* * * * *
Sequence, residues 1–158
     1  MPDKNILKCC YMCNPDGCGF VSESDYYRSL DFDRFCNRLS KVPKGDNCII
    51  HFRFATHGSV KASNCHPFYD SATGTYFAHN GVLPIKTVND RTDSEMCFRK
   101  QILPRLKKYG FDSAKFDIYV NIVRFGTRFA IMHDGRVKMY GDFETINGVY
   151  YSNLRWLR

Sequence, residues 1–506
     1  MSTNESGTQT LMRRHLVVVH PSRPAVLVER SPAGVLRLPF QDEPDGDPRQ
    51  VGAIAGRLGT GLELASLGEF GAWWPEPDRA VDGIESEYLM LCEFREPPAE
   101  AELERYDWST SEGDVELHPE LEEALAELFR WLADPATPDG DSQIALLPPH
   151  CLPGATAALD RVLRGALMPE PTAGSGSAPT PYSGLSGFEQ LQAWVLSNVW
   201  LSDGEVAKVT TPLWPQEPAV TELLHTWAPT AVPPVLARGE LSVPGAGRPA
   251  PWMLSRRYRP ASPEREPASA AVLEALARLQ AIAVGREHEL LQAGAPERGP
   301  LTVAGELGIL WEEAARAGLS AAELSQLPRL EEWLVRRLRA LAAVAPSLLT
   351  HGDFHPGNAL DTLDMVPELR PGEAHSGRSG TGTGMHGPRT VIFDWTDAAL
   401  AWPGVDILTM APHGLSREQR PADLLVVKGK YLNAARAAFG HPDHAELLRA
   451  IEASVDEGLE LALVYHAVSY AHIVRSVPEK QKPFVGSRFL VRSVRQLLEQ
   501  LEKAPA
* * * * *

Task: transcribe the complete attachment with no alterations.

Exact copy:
Sequence, residues 1–158
     1  MPDKNILKCC YMCNPDGCGF VSESDYYRSL DFDRFCNRLS KVPKGDNCII
    51  HFRFATHGSV KASNCHPFYD SATGTYFAHN GVLPIKTVND RTDSEMCFRK
   101  QILPRLKKYG FDSAKFDIYV NIVRFGTRFA IMHDGRVKMY GDFETINGVY
   151  YSNLRWLR

Sequence, residues 1–506
     1  MSTNESGTQT LMRRHLVVVH PSRPAVLVER SPAGVLRLPF QDEPDGDPRQ
    51  VGAIAGRLGT GLELASLGEF GAWWPEPDRA VDGIESEYLM LCEFREPPAE
   101  AELERYDWST SEGDVELHPE LEEALAELFR WLADPATPDG DSQIALLPPH
   151  CLPGATAALD RVLRGALMPE PTAGSGSAPT PYSGLSGFEQ LQAWVLSNVW
   201  LSDGEVAKVT TPLWPQEPAV TELLHTWAPT AVPPVLARGE LSVPGAGRPA
   251  PWMLSRRYRP ASPEREPASA AVLEALARLQ AIAVGREHEL LQAGAPERGP
   301  LTVAGELGIL WEEAARAGLS AAELSQLPRL EEWLVRRLRA LAAVAPSLLT
   351  HGDFHPGNAL DTLDMVPELR PGEAHSGRSG TGTGMHGPRT VIFDWTDAAL
   401  AWPGVDILTM APHGLSREQR PADLLVVKGK YLNAARAAFG HPDHAELLRA
   451  IEASVDEGLE LALVYHAVSY AHIVRSVPEK QKPFVGSRFL VRSVRQLLEQ
   501  LEKAPA